Harvard Law Review, Feb. 2014, Explores Partisan Federalism, the Unnecessary Constitution, and State Action under Sebelius

The February 2014 issue (Volume 127, Number 4) features the following articles and essays:

• Article, “Partisan Federalism,” by Jessica Bulman-Pozen
• Book Review, “Never Mind the Constitution,” by Jeremy Waldron
• Note, “NFIB v. Sebelius and the Individualization of the State Action Doctrine”

In addition, student case notes explore Recent Cases on such diverse subjects as FDA limits on Plan B contraception, local zoning bans on medical marijuana sellers, a First Amendment defense to right-of-publicity claims, warrantless searches of cell-site data, copyright fair use and transformative artwork, undocumented alien workers as barred from backpay under labor law, international law and jurisdiction over the facilitator of piracy, juvenile life without parole and retroactivity, whether an unaccepted Rule 68 offer moots a plaintiff’s individual claims, whether a private equity fund is a “trade or business” in pension law, and whether a mentally ill prisoner is competent to be executed. Finally, the issue includes two summaries of Recent Publications.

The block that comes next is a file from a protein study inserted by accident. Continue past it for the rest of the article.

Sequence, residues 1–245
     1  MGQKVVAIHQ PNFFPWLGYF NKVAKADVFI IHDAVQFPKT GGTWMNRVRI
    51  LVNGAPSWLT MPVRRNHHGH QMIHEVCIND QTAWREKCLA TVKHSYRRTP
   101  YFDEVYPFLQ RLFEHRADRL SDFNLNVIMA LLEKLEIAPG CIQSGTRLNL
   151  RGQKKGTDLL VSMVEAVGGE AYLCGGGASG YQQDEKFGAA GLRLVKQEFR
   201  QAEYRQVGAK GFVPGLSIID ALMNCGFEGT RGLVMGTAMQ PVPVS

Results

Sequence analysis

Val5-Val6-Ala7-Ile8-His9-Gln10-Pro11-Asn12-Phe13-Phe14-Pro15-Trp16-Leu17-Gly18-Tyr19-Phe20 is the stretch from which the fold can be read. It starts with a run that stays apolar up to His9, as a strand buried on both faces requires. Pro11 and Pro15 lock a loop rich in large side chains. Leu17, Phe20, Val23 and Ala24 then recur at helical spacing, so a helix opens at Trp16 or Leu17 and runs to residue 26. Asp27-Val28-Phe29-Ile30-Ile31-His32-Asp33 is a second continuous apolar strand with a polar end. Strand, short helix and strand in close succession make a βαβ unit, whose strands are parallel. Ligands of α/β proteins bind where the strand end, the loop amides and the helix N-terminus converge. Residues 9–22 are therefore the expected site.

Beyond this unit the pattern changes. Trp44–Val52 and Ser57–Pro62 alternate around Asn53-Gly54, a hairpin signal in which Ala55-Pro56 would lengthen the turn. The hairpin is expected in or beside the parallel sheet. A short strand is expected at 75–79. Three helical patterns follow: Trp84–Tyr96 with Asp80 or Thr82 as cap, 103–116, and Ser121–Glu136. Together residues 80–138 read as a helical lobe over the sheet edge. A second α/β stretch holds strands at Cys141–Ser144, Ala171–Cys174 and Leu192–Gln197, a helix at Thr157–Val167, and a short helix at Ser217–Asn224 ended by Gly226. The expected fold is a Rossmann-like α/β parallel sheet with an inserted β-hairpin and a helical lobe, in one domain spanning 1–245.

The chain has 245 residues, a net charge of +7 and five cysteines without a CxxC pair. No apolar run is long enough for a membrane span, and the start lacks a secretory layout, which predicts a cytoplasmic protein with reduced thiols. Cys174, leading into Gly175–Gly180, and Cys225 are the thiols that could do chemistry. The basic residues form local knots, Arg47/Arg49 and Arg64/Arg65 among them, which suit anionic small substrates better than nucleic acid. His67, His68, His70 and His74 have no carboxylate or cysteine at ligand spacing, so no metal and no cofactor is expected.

The Harvard Law Review is offered in a quality digital edition, featuring active Contents, linked notes, active URLs in notes, and proper ebook formatting. The contents of Volume 127, Number 4 (Feb. 2014) include scholarly articles and essays by leading academic figures. Quid Pro Books is the exclusive ebook publisher of the Review, and many recent issues can be found here.

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ISBN 9781610278744 (eBook)
Page count: 212 pp.
List Price: $3.99